As Zayo pursues new lit and dark fiber opportunities with wireless operators, the service provider will continually look for ways to leverage and extend its existing fiber networks to meet customer needs.
Jack Waters, CTO of Zayo, told investors at the recent Barclays Global Technology, Media & Telecommunications Conference that it is building platforms to satisfy wireless operators’ current 4G and future 5G network deployments.
“You need to have two goals: take advantage of the second or third inning of the game which is small cell and perhaps even 5G, and then our job is to harvest and leverage the assets in the ground,” Waters said. “You have to do both because this is the time to take advantage of densification and to take on what are bigger projects that help us build out a platform that allow us to harvest for years and years to come.”
By building out high-count fiber in the markets where it is winning fiber to the tower or small cell backhaul deals, Zayo will have a platform from which it can attract not only second wireless tenants, but also other local businesses.
IHS forecasts that the worldwide small cell market will move past $2 billion by 2019 as long as service providers continue to announce deployment plans.
In order to get returns on its fiber investments for small cell and macro tower deals, Waters said that Zayo will need to attract additional wireless carrier tenants as well as looking for opportunities to sell a mix of dark fiber and lit optical wavelength services.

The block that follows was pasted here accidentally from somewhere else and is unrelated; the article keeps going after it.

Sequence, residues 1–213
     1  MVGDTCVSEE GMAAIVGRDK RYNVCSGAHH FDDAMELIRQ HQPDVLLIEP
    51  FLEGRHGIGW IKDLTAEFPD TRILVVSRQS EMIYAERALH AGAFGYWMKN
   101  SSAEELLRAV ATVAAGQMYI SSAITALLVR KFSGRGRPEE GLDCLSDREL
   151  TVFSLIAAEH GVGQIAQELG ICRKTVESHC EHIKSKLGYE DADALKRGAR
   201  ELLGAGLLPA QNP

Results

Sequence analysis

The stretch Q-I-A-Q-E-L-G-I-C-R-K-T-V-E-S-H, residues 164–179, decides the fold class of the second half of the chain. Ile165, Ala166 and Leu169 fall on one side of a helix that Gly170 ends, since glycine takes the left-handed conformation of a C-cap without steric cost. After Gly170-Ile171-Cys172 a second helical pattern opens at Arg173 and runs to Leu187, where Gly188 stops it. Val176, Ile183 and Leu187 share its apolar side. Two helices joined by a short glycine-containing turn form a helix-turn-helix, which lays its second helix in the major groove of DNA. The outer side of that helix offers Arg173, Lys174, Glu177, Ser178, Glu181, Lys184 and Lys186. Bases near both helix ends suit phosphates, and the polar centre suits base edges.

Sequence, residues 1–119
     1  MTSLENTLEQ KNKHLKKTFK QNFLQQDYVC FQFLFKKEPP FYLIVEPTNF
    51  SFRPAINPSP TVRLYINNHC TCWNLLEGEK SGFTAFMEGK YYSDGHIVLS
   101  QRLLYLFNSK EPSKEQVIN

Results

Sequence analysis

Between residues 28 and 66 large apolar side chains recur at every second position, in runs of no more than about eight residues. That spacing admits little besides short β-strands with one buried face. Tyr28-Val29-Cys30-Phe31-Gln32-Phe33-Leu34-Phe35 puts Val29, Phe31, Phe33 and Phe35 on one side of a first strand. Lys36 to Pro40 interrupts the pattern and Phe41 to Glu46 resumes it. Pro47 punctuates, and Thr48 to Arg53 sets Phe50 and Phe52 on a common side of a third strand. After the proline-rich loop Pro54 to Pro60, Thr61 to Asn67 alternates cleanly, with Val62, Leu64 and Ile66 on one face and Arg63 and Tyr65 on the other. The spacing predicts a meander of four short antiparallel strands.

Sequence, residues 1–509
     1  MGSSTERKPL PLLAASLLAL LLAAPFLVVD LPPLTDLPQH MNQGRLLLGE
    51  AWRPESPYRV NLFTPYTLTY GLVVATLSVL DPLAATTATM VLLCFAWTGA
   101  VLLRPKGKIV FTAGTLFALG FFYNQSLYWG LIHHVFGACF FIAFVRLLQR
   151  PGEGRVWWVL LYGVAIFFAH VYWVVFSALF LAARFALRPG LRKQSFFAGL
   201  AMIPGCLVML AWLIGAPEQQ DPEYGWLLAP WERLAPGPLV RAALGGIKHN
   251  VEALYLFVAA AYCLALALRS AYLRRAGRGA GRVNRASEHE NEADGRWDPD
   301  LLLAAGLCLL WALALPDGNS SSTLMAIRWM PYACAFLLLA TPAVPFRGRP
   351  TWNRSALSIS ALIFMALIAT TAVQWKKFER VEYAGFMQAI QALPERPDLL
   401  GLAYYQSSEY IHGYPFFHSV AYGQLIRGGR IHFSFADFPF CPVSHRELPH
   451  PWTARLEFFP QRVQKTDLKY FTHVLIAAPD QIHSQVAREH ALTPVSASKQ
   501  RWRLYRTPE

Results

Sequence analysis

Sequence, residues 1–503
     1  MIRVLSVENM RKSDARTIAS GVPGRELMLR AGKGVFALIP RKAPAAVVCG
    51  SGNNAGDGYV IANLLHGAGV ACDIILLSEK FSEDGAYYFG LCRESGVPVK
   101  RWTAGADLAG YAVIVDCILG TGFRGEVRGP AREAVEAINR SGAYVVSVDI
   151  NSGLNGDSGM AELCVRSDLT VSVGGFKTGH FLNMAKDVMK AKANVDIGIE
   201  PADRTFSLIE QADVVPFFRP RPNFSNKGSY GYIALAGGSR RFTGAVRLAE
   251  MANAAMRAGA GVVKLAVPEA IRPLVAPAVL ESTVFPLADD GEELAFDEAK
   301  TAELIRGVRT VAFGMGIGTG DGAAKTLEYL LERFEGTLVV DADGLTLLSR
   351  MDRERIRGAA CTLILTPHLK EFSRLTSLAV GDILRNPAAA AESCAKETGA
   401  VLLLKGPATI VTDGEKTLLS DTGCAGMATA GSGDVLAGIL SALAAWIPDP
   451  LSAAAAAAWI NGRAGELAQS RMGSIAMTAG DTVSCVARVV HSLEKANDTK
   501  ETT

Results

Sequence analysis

“We talk a lot about dark fiber, but the fact is our lit services represent 45% of the company’s revenue,” Waters said. “Using that as the fiber footprint as the canvas, our job is to paint on top and leverage that for our lit services and that’s how we need to think about our opportunity.”
Zayo is making good on multitasking its fiber networks in two markets: Denver and North Central Texas.
In Denver, Zayo will connect 153 schools and sites, including two DPS data centers.
Similar to other E-Rate builds, Zayo said that 562 miles of the network is already in place or under construction, with 56 miles still to be built for one of its wireless operator customers.
“More and more, Denver is a great example where we had various providers join in our buildout,” Waters said. “We had the Denver Public School System and that’s another layer on top and all of the lit services that come on top of that infrastructure.”
Similarly, in North-Central Texas, the service provider is extending services to schools located in the Texas Education Service Center Region 11 via a fiber network build that's under construction in Dallas-Fort Worth for a major wireless operator. This 1,178-mile platform consists of 440 miles of a previously planned fiber-to-the-tower (FTTT) build, 443 miles of existing network, and 295 miles of new construction.
Waters said that the timing of getting revenue on these multisite projects varies.
“Some of these projects are longer in nature to implement so you don’t really get the revenue from that second or third tenant until you’re a long way through the implementation of these projects,” Waters said.